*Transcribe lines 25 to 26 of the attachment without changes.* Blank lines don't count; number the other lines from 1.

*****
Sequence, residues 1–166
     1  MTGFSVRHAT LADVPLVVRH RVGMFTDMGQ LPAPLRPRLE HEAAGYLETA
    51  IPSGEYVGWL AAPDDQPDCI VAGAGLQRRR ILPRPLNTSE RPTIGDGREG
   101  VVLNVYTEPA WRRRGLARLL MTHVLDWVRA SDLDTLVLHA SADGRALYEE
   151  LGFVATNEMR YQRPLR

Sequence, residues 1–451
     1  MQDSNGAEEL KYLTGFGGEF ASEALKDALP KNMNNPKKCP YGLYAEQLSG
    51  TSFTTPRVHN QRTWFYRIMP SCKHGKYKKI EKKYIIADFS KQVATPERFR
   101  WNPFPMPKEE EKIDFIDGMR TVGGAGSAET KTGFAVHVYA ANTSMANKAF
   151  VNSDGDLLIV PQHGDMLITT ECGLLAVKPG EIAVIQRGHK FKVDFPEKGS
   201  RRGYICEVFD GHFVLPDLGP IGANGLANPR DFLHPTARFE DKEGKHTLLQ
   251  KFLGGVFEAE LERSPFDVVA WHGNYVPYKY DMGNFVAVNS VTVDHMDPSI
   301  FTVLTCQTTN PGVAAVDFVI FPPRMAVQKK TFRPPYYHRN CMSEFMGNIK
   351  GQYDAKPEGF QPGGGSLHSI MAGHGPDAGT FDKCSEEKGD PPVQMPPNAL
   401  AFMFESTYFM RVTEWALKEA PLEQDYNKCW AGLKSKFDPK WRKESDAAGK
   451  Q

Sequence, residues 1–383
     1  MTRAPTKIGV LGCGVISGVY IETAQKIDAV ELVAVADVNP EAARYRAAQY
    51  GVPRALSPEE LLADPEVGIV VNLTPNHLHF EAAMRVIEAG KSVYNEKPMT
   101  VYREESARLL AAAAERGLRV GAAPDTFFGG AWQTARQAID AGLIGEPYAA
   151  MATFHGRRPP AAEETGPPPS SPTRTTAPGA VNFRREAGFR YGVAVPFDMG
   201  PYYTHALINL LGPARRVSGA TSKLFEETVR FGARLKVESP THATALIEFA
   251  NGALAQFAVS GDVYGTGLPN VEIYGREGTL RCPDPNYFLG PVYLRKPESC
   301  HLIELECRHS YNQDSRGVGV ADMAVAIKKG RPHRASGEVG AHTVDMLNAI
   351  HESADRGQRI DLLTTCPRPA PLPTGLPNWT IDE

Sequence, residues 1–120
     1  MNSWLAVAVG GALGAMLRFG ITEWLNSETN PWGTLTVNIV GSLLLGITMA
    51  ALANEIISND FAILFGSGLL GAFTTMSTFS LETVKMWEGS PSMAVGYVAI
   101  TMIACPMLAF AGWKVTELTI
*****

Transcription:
   351  HESADRGQRI DLLTTCPRPA PLPTGLPNWT IDE

Sequence, residues 1–120